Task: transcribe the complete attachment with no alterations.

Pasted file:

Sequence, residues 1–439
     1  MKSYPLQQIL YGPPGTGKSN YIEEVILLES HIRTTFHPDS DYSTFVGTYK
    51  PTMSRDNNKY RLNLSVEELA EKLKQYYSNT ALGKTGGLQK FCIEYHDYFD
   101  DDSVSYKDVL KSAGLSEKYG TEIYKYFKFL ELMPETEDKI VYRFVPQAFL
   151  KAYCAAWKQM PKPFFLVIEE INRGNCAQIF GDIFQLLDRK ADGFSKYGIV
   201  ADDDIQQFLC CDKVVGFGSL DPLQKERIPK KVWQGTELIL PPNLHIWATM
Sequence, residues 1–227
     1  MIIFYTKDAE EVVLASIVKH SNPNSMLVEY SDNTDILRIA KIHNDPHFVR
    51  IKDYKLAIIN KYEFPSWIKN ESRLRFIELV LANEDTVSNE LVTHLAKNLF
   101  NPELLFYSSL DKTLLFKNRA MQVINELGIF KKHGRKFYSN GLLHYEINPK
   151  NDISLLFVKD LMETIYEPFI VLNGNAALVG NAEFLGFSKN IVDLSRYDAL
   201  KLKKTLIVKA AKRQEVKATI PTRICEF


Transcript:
Sequence, residues 1–439
     1  MKSYPLQQIL YGPPGTGKSN YIEEVILLES HIRTTFHPDS DYSTFVGTYK
    51  PTMSRDNNKY RLNLSVEELA EKLKQYYSNT ALGKTGGLQK FCIEYHDYFD
   101  DDSVSYKDVL KSAGLSEKYG TEIYKYFKFL ELMPETEDKI VYRFVPQAFL
   151  KAYCAAWKQM PKPFFLVIEE INRGNCAQIF GDIFQLLDRK ADGFSKYGIV
   201  ADDDIQQFLC CDKVVGFGSL DPLQKERIPK KVWQGTELIL PPNLHIWATM
Sequence, residues 1–227
     1  MIIFYTKDAE EVVLASIVKH SNPNSMLVEY SDNTDILRIA KIHNDPHFVR
    51  IKDYKLAIIN KYEFPSWIKN ESRLRFIELV LANEDTVSNE LVTHLAKNLF
   101  NPELLFYSSL DKTLLFKNRA MQVINELGIF KKHGRKFYSN GLLHYEINPK
   151  NDISLLFVKD LMETIYEPFI VLNGNAALVG NAEFLGFSKN IVDLSRYDAL
   201  KLKKTLIVKA AKRQEVKATI PTRICEF